The second most looked forward to part of the trip was just after lunch, a trip to Sanctuary Wood Museum. Although it wasn't exactly what we'd imagined, splashing through mud and dirt in the trenches was quite fun. It was just a shame that we weren't really doing the whole soldier experience, like crawling around and firing - or at least pretending to - at the enemy. We were going to try and imagine a real battle whilst going through dark tunnels and muddy trenches, but the boys just wouldn't pretend to fight. Maybe they were scared of losing to a bunch of girls!? It was fun anyway, even though we saw a few rats scurrying back to the many rat holes that we found within the trenches. We also visited Tyne Cot Cemetery the largest British Military cemetery in the world with clear white gravestones and patterned to look like an English country garden. This was followed by a visit to the very gloomy, different Langemark cemetery where 26,000 German bodies are buried in a mass grave.
When the trip to the trenches was over, everyone was anxious to find out exactly when we would get the chance to use the Belgian Francs burning to be spent, to buy some world famous Belgian chocolate. It was surprising to see how enthusiastic everyone was to do this, even though many had only got an hour's sleep. Maybe the thought of chocolate in their mouths was enough to make them feel awake again. However, we didn't go straight to the chocolate shop, but to 'In Flanders Field' Museum as well. The museum was interesting because it had so many displays in the First World War, in so many languages. They had video screenings of movies - in a foreign language that we couldn't understand - about the experience of war. They had models of how the trenches looked and how no man's land ended up. Boards of information stood, retelling the experiences of men and women during the Great War, with background pictures of soldiers.
We were being escorted to the Belgian chocolate shop where we could spend several pounds worth on chocolate alone. The small shop was crammed full with students who were all pushing to get the chocolates that they wanted. It must have been quite a sight to the few Belgians that were buying only a few pieces of chocolate to see more than thirty teens hungrily grabbing at every piece of chocolate that looked good. There were special offers available to us because there were so many of us. Money was exchanging hands very quickly, from students to workers, as the chocolate also changed hands, but the other way around. We walked out of the shop and back to the coach with our hands loaded with chocolate and our minds at ease. Maybe we might get some sleep on the way back due to the utter exhaustion that everyone was feeling.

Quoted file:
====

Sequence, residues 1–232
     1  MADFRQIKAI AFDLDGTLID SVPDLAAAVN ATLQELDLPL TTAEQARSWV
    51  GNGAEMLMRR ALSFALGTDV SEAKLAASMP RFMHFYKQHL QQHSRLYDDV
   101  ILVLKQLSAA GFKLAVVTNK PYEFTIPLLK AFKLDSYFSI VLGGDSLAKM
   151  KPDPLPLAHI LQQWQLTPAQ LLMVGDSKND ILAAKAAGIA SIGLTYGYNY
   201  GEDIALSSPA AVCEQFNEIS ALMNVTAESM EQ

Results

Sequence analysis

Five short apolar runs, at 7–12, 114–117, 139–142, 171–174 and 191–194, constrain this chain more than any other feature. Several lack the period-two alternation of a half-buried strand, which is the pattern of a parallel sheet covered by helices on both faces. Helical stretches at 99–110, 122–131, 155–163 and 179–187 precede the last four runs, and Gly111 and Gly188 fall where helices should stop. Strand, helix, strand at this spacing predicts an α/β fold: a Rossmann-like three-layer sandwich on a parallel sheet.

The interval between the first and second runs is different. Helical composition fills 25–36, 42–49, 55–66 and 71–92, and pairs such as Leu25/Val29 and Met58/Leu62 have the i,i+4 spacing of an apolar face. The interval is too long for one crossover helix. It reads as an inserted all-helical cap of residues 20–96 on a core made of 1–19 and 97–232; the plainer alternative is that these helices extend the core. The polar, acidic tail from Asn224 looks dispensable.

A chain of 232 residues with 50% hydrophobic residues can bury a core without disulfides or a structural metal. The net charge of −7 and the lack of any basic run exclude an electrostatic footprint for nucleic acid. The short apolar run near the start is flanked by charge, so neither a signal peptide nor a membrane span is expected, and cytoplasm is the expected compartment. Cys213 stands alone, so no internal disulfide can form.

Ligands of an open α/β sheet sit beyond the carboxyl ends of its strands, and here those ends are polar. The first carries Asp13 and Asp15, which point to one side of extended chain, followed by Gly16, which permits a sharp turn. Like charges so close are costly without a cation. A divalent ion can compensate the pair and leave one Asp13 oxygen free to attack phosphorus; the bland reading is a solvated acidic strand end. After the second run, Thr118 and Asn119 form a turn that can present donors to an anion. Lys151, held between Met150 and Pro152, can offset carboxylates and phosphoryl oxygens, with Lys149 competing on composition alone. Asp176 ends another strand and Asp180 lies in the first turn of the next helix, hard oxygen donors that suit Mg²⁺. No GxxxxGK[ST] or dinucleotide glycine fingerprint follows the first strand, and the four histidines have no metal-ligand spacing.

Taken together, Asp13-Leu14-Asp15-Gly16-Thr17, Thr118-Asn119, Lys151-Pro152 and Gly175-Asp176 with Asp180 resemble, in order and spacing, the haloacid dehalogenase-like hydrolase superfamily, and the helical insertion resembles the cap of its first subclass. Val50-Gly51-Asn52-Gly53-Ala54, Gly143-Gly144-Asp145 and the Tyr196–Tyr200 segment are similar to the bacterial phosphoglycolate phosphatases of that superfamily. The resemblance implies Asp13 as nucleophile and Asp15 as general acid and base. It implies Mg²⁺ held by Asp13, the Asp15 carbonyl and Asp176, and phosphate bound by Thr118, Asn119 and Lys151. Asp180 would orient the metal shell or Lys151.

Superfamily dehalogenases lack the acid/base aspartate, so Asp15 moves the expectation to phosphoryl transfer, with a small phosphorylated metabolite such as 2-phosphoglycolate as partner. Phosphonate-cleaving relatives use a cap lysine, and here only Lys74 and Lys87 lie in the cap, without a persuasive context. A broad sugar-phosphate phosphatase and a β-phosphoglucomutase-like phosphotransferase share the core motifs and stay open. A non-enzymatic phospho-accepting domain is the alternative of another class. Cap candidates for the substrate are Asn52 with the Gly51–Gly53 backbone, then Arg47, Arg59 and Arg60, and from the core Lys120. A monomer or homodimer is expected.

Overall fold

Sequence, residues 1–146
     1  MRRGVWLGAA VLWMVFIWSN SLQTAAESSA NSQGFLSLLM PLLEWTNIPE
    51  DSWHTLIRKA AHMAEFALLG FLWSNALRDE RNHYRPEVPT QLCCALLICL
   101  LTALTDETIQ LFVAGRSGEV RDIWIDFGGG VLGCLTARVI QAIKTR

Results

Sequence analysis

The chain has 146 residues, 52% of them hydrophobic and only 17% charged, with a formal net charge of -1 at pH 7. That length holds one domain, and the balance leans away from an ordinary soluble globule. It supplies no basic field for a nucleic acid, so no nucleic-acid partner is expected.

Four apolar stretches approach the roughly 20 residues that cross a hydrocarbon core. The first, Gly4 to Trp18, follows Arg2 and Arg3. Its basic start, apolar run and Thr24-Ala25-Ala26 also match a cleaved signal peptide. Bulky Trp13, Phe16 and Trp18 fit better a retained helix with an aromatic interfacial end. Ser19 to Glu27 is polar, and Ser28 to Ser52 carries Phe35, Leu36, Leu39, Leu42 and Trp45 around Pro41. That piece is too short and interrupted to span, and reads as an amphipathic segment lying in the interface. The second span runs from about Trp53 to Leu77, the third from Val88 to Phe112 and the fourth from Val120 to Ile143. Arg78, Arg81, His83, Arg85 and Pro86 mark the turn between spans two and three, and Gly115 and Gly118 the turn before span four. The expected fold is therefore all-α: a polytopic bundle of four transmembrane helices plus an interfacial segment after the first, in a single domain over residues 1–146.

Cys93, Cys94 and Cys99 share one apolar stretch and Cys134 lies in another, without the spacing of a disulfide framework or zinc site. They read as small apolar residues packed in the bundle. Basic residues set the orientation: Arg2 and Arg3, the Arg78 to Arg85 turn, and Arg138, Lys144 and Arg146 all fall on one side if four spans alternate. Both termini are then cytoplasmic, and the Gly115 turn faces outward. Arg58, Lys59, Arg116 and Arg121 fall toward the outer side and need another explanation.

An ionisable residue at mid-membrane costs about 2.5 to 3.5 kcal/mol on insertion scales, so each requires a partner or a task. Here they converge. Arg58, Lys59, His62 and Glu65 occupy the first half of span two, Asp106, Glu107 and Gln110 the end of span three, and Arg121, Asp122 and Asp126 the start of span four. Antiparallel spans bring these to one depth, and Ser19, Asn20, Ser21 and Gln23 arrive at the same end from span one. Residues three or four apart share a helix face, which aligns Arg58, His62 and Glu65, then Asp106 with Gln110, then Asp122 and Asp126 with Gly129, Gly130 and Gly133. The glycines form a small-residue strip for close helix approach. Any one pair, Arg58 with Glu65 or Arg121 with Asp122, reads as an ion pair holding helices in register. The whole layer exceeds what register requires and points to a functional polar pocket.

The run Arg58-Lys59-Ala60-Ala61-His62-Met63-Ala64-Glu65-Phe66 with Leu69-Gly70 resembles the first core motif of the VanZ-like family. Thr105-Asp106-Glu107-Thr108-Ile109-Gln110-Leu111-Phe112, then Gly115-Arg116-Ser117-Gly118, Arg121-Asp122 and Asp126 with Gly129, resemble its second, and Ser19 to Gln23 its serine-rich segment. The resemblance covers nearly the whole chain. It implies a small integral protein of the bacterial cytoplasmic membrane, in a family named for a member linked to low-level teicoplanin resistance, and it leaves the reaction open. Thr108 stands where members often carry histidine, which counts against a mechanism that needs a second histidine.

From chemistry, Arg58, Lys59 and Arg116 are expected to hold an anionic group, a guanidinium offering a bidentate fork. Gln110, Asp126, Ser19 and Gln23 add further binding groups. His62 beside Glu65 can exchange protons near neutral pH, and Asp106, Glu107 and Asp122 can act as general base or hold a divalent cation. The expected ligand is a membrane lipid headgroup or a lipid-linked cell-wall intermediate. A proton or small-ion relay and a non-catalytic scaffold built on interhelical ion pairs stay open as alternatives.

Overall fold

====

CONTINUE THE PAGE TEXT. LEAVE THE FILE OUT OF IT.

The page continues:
That was what nearly everyone did on the journey back to Belgium. Gladiator played whilst more than half the bus was travelling to dreamland. Being awake was no longer an option because the walking combined with the sheer lack of sleep had taken its toll on everyone. I think the teachers were secretly hoping for a much quieter journey back home, which was exactly what they got. For those who didn't watch the movie, or didn't sleep, silent reading and whispered conversations were the options. Everything about the journey home was different to the journey there. But one thing was the same, we were looking forward to where we were going. Although it was extremely tiring, going to Belgium was a good experience. This was mainly thanks to all the teachers that went and the tour guide that we had.